Figure 3:PCIe Gen4 l Lane mMargin usage model flow diagram

The full blown margining process for a receiver would include timing margining in both directions and voltage margining in both directions (see Figure 2). It should be noted that support for voltage margining is optional. Figure 3 shows an example of a typical flow diagram for the lane margining process in one direction for timing margining. Each time through the flow, the timing offset is increased. Prior to this process, software will set an error count limit. During the lane margining process, if the error count limit is reached, lane margining is halted, and the receiver is returned to its pre-margining settings. The margin reported by software is the setting previous to the setting that failed.

An example MAC-PHY interface is presented in Figure 4. The PHY does all of the physical measurement of the EYE. The MAC does the protocol level communication encapsulation and de-encapsulation. Usually, the command and status interface between the MAC and PHY is implemented as defined in the Intel PIPE specification [8]. An example decoded command and status interface to the PHY is shown in Figure 4 and is detailed in the PCIe Gen4 specification.

Figure 4: An example device side MAC-PHY signal interface with detailed Logical Sub-Block-SerDes interface

PCIe Gen4 System Stress Sources and Mitigation Strategy

A very simple PCIe system is used to identify the stress sources in a system as shown in Figure 5.

Figure 5: XTLK and coupling in the PCIe section of a system

The dominant sources of system level impairments/coupling/reflection in a PCIe Gen4 system can be identified as [9-11]:

  1. XTLK sources in a Gen4 system are in device packages, connectors, trace run length and separation, transmitter amplitude, rise/fall time, transmitter de-emphasis, board isolation between transmitter and receiver layers on opposite sides
  2. Reflection sources in a Gen4 are at cable/trace junctions, via/via stub, connectors, PCB imperfections, roughness, and termination
  3. Increased insertion loss in PCIe Gen4 reduces the dB differences between Nyquist insertion loss and the base XTLK floor making a PCIe system susceptible to XTLK induced errors.
  4. Un-Compensable insertion loss deviation due to periodic/a periodic nulls and resonance
  5. Random noise/pulse width jitter and periodic jitter from various sources in the system

A flexible reconfigurable PCIe system may have 8, 16, 32 etc. lanes or somewhere in between to support high-end graphics to low-end application space. A PCIe controller groups a set of 1xN1, 1xN2 etc. lanes to support multiple simultaneous operating devices.  Such bifurcation of lanes into multiple branches of a group of lanes creates interfaces for simultaneous operating devices application space. Each application knows only about its own lanes. Only the host has the global visibility of all lanes and it can initiate any XTLK mitigation scheme using outer layer equalization introduced in this paper.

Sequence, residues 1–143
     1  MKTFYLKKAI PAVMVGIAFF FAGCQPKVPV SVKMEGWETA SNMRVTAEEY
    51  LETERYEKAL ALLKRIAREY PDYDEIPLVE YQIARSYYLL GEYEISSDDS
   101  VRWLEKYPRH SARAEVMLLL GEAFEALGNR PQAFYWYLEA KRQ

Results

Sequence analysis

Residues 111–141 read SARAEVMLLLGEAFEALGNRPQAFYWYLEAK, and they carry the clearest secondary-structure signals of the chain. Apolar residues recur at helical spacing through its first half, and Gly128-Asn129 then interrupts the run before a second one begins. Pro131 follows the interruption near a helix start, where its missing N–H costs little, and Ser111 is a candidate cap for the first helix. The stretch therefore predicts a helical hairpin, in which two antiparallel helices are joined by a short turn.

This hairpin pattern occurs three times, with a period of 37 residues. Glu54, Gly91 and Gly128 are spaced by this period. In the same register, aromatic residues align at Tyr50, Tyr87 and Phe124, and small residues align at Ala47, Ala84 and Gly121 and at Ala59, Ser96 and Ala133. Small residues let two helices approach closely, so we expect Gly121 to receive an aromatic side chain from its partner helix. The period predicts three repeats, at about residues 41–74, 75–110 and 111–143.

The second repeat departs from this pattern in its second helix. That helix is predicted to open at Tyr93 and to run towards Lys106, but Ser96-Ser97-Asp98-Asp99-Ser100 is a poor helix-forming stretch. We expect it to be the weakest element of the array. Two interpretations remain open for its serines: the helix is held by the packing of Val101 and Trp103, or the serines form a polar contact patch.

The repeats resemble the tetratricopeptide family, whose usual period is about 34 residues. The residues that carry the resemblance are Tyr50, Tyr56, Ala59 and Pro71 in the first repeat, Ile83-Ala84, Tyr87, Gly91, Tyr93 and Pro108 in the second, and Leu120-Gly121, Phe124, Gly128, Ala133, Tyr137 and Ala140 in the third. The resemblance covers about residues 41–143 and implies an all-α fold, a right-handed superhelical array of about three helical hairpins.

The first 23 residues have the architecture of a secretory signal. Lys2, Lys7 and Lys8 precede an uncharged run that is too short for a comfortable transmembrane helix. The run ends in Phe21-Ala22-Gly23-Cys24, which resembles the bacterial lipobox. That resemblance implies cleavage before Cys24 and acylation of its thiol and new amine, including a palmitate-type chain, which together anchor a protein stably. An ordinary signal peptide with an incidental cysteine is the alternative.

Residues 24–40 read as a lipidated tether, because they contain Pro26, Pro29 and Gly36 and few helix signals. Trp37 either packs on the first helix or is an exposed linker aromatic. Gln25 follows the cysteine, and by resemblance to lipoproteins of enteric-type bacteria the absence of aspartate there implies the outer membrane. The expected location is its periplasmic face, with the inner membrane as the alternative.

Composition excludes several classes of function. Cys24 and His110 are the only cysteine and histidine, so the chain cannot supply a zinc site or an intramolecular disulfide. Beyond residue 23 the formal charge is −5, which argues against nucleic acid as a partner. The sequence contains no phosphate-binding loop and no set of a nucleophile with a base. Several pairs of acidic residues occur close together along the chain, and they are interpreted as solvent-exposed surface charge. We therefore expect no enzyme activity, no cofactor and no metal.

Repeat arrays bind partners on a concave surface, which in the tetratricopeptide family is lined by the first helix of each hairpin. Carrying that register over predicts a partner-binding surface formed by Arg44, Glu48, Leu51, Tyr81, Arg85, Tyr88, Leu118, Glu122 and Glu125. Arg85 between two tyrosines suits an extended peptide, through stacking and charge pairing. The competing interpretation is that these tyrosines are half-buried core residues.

Due to physical layout of the lanes, from an edge connector to a device end or the host end, some lanes will travel a longer electrical distance than the others. Unless electrical distance is adjusted with wider and thinner traces, the loss seen by one lane will be different from the other lane. The longer lanes will have higher insertion loss compared to the shorter lanes (as shown in Figure 6) making shorter lanes (carrying un-attenuated high energy signal) dominant aggressors compared to longer traces (carrying attenuated weak signal).

Figure 6: Example XTLK between lanes at dense routing from edge connector to ASIC in an AIC

Usually at a given host/device end, the egress and ingress lanes are on the opposite side of the board to reduce coupling among transmitter and receiver lanes. But the intra lane interaction along the run length in the add-in card (AIC) or motherboard, at the connector or at the package junction is unavoidable. The low-loss lane carrying relatively higher signal swing can be a high impact aggressor to its higher loss neighboring lane that is carrying relatively lower signal swing.

The far end crosstalk (FEXT) from the link partner transmitters to the local receivers travel along the physical traces and continues to couple with other lanes, but its high frequency content attenuates at the same rate as the channel loss along the path. As a result, the FEXT high frequency impact is diminished at the receiver input pin.

On the other hand, the near-end crosstalk (NEXT) from the local transmitter to local receiver behaves differently. In a good design, the transmitters and the receivers are on the opposite sides of the board, resulting in a good isolation and the average XTLK floor is lower. But the spectral energy disparity between low and high frequency content is less. Any significant presence of high frequency NEXT due to poor package isolation between lanes impacts the already attenuated signal spectrum around Nyquist frequency as shown in Figure 7.

There is a need for proper handling of the NEXT spectrum for system-level optimization. The power sum of the NEXT and FEXT is a function of the transmitter launch amplitude, pre/post cursor de-emphasis, and slew rate of the transmitter signal. Adjustment of these transmitter parameters is a good candidate for the proposed outer layer equalization.  Based on the slew rate, signal spectrum can be at much higher frequency beyond Nyquist frequency and make a system vulnerable to NEXT (with higher energy floor beyond Nyquist frequency) and to a lesser degree to FEXT (with lower energy floor beyond Nyquist frequency).